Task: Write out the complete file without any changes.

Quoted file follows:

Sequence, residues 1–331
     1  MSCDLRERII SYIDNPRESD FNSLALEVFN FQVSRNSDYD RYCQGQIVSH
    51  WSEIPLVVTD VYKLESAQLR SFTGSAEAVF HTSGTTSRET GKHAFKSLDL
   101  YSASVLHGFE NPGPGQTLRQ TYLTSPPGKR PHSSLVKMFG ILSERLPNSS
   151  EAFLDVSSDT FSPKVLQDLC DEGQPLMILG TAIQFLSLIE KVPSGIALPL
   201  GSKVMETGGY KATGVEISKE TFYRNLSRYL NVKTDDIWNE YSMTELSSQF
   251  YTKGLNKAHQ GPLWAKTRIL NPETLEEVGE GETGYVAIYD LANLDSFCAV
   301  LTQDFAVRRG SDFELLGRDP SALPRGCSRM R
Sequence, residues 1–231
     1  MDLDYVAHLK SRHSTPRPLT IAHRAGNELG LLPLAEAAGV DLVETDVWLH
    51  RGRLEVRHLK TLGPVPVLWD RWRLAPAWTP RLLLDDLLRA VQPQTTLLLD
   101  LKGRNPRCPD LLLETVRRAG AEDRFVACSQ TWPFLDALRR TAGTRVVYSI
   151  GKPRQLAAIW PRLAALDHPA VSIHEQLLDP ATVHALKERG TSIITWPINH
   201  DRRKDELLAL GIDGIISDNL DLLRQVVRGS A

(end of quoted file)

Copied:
Sequence, residues 1–331
     1  MSCDLRERII SYIDNPRESD FNSLALEVFN FQVSRNSDYD RYCQGQIVSH
    51  WSEIPLVVTD VYKLESAQLR SFTGSAEAVF HTSGTTSRET GKHAFKSLDL
   101  YSASVLHGFE NPGPGQTLRQ TYLTSPPGKR PHSSLVKMFG ILSERLPNSS
   151  EAFLDVSSDT FSPKVLQDLC DEGQPLMILG TAIQFLSLIE KVPSGIALPL
   201  GSKVMETGGY KATGVEISKE TFYRNLSRYL NVKTDDIWNE YSMTELSSQF
   251  YTKGLNKAHQ GPLWAKTRIL NPETLEEVGE GETGYVAIYD LANLDSFCAV
   301  LTQDFAVRRG SDFELLGRDP SALPRGCSRM R
Sequence, residues 1–231
     1  MDLDYVAHLK SRHSTPRPLT IAHRAGNELG LLPLAEAAGV DLVETDVWLH
    51  RGRLEVRHLK TLGPVPVLWD RWRLAPAWTP RLLLDDLLRA VQPQTTLLLD
   101  LKGRNPRCPD LLLETVRRAG AEDRFVACSQ TWPFLDALRR TAGTRVVYSI
   151  GKPRQLAAIW PRLAALDHPA VSIHEQLLDP ATVHALKERG TSIITWPINH
   201  DRRKDELLAL GIDGIISDNL DLLRQVVRGS A